Why did Moses record the expression "So the two of them walked on together" twice? Consider the Píshat of the text. In the first, Abraham had just left his servants and was walking with Isaac up to the mount. The Scripture says, "So the two of them walked on together." It appears that the "two of them" is referring to Abraham and Isaac. But then the story goes on to have Isaac question the need for the sacrifice. Abraham answers Isaac and then the second expression of them walking on together occurs. The second expression is exactly the same words but it has a different meaning. What is the difference?

In the first reading, the word "them" is an ambiguous plural pronoun. It is simple for us to assign Abraham and Isaac here. But the second expression raises questions. Why, for instance is that said again? Were they already going together? The plain sense of the text demands something more out of the reader than a repeated redundant expression. Every word and phrase of the Torah enlightens the soul. Every word is perfect, forever settled in heaven. So, what does it mean? The question is who is "them" in the first expression and who is "them" in the second expression? Only the context of the dialogue gives answer here. So why did Moses do this? Why did he say it this way? This is typical of the Torah; this technique of "the teaching" is common. It is the Hebrew way of teaching by using natural questions instead of shelling out fact after fact. Questions and discovery are the two most powerful elements in teaching. The Torah was written by a Master Teacher.

Let me show you from Scripture how it is NOT Abraham and Isaac walking together in the first instance. Abraham knows that Isaac is to be sacrificed; Isaac doesnít know it. So, are Abraham and Isaac really walking together?

Do two men walk together unless they have made an appointment? AMO 3:3

The more common expression of this is, "Can two walk together except they be agreed?"

Who then is in agreement? Who is it that has made an appointment with Abraham? Itís not Isaac; it is the Lord and Abraham who are walking together in the first expression. Isaac doesnít know what is to happen, therefore he is not in agreement nor walking together with his father.

However, the second expression is not the same as the first. It comes after Isaac has asked his father the question of the sacrifice. Abrahamís answer is in the form of a promise to him and to us. "God will provide for Himself the lamb for the burnt offering, my son." It is with this answer that Isaac now joins with his father. Isaac knows that he is to be the sacrifice that day. Not only is Abraham willing to give up his son, but his son Isaac is willing to trust his father and submit to being given up. This is meaning of the second expression, "So the two of them walked on together." Abraham and Isaac are now walking together.

The plain sense of the text in this redundant expression has uncovered a profound set of understandings. Both Abraham and Isaac fully participated in the binding of Isaac. It wasnít just Abraham and his obedience. This teaching sets the very definition for the work of God in our redemption. The promised lamb that would be provided by God Himself is just like what Abraham and Isaac did. Abraham gave his only beloved son. But, wait, the Son understands what is happening and fully participates with His Father to submit Himself. So, Yeshua offered Himself as the Lamb for the slaughter. He was a full participant with our Heavenly Father. This is the very definition for the promised Lamb of God.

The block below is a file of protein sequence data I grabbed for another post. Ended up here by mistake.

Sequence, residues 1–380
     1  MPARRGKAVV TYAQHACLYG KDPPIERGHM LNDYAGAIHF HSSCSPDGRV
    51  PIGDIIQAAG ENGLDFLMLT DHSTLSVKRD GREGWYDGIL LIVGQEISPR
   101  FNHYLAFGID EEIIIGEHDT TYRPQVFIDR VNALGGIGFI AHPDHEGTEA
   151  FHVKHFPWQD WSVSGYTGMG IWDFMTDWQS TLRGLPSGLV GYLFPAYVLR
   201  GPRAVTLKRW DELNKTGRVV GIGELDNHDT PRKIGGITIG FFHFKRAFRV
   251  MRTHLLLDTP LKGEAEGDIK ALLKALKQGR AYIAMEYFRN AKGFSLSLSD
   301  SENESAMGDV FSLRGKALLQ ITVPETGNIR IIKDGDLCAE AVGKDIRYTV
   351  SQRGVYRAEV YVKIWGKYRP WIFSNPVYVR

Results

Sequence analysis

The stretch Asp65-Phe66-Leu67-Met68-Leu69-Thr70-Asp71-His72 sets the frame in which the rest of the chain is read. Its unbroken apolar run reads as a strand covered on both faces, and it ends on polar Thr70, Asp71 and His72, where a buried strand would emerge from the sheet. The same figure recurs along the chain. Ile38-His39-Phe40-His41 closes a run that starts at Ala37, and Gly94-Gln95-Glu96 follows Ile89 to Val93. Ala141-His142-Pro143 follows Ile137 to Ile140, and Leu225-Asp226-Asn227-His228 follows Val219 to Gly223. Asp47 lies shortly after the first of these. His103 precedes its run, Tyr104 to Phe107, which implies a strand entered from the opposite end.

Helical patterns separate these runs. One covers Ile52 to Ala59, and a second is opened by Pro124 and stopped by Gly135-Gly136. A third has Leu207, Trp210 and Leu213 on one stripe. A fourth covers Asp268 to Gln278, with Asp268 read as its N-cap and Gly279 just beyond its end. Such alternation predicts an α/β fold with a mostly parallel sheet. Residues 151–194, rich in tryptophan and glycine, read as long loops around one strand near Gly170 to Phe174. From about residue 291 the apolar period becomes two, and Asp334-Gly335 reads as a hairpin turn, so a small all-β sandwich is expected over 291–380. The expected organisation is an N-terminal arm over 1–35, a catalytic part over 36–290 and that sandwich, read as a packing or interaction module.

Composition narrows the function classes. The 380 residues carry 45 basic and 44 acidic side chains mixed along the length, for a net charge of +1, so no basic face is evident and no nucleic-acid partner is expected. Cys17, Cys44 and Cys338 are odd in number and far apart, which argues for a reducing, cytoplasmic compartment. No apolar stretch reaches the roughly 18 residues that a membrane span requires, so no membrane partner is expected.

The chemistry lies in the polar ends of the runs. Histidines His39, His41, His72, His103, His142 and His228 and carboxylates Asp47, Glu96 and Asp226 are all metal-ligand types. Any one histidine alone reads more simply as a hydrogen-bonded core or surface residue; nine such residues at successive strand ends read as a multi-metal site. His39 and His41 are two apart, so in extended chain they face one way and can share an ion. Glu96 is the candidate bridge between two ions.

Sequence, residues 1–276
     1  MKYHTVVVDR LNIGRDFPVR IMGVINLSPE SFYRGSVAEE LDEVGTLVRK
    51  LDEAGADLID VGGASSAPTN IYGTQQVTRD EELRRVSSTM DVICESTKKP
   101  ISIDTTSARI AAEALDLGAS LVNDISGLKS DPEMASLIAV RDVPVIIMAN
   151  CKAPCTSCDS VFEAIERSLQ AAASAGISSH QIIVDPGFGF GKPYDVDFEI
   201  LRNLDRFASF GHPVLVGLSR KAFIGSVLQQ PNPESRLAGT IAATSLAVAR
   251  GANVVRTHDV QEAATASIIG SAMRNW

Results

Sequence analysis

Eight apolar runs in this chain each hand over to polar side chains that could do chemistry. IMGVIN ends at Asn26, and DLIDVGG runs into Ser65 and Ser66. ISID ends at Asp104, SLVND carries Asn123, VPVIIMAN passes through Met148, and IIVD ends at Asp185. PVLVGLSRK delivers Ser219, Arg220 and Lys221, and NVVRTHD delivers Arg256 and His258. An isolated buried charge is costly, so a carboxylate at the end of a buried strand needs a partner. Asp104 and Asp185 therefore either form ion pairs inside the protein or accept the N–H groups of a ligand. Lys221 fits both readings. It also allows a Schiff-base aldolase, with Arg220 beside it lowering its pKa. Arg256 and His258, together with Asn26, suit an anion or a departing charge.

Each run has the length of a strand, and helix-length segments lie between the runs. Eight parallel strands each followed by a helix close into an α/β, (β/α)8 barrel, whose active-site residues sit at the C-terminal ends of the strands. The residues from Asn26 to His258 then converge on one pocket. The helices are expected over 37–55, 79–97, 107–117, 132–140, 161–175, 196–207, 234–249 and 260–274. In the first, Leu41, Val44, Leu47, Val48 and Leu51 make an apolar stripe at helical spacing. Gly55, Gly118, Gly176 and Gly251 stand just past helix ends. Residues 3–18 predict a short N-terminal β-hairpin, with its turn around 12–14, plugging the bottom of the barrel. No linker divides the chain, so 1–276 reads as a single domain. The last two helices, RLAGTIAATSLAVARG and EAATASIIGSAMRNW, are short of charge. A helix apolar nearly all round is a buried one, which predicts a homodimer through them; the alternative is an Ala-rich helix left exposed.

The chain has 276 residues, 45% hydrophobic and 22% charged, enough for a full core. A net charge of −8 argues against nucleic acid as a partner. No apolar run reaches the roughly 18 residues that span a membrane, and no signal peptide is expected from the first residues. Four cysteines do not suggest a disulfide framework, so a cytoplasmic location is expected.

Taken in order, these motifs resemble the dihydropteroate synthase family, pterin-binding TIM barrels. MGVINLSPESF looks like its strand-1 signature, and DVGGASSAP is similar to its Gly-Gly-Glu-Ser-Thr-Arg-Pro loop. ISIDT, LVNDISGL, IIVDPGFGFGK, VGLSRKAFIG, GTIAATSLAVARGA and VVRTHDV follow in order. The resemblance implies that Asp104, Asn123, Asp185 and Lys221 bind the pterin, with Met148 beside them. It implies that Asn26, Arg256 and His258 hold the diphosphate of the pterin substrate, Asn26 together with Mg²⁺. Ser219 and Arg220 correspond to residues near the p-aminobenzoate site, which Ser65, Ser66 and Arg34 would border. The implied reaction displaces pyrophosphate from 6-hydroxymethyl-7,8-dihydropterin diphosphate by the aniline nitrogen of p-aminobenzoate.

So why is this teaching shared twice a year and at the fall holidays? Isaac was not slain; he was spared. But, a ram whose head was caught in a thicket of thorns was slain. Thus the shofar, trumpet made of a ramís horn, is reminder of the ramís life given on Mt. Moriah. You can not hear the sound of the trumpet unless the ram has been slain.

Not only is this further evidence of the Messiahís coming, with the sound of the shofar, but it is another evidence of the Messiahís sacrifice. Yeshuaís head was also caught in a crown of thorns. He is the sacrifice on Mt. Moriah.

But let us look at another example of redundant words that yield great understanding. From the same teaching in Genesis, consider this verse.

But the angel of the Lord called to him from heaven, and said, "Abraham, Abraham!" And he said, "Here I am." GEN 22:11

Why did God call out Abrahamís name twice? When we call out our childrenís names multiple times, we are trying to compel our children to do something (usually when they wonít obey or listen). Is God calling out to compel Abraham to stop slaying Isaac because Abraham is disobedient. I think we can all conclude safely that Abraham is obedient at this moment, so the double name expression is not like with our children. So, is Abraham hard of hearing and things need to be said repeatedly. There doesnít seem to be any confirming evidence on this point. So, does God sometimes stutter when He speaks to a man. Before, you quickly answer with an emphatic No, consider this additional evidence.

When God speaks to Jacob, He calls out Jacobís name twice.

And God spoke to Israel in visions of the night and said, "Jacob, Jacob." And he said, "Here I am." GEN 46:2

When God speaks to Moses at the burning bush, He calls out Mosesí name twice.


When the Lord saw that he turned aside to look, God called to him from the midst of the bush, and said, "Moses, Moses!" And he said, "Here I am." EXO 3:4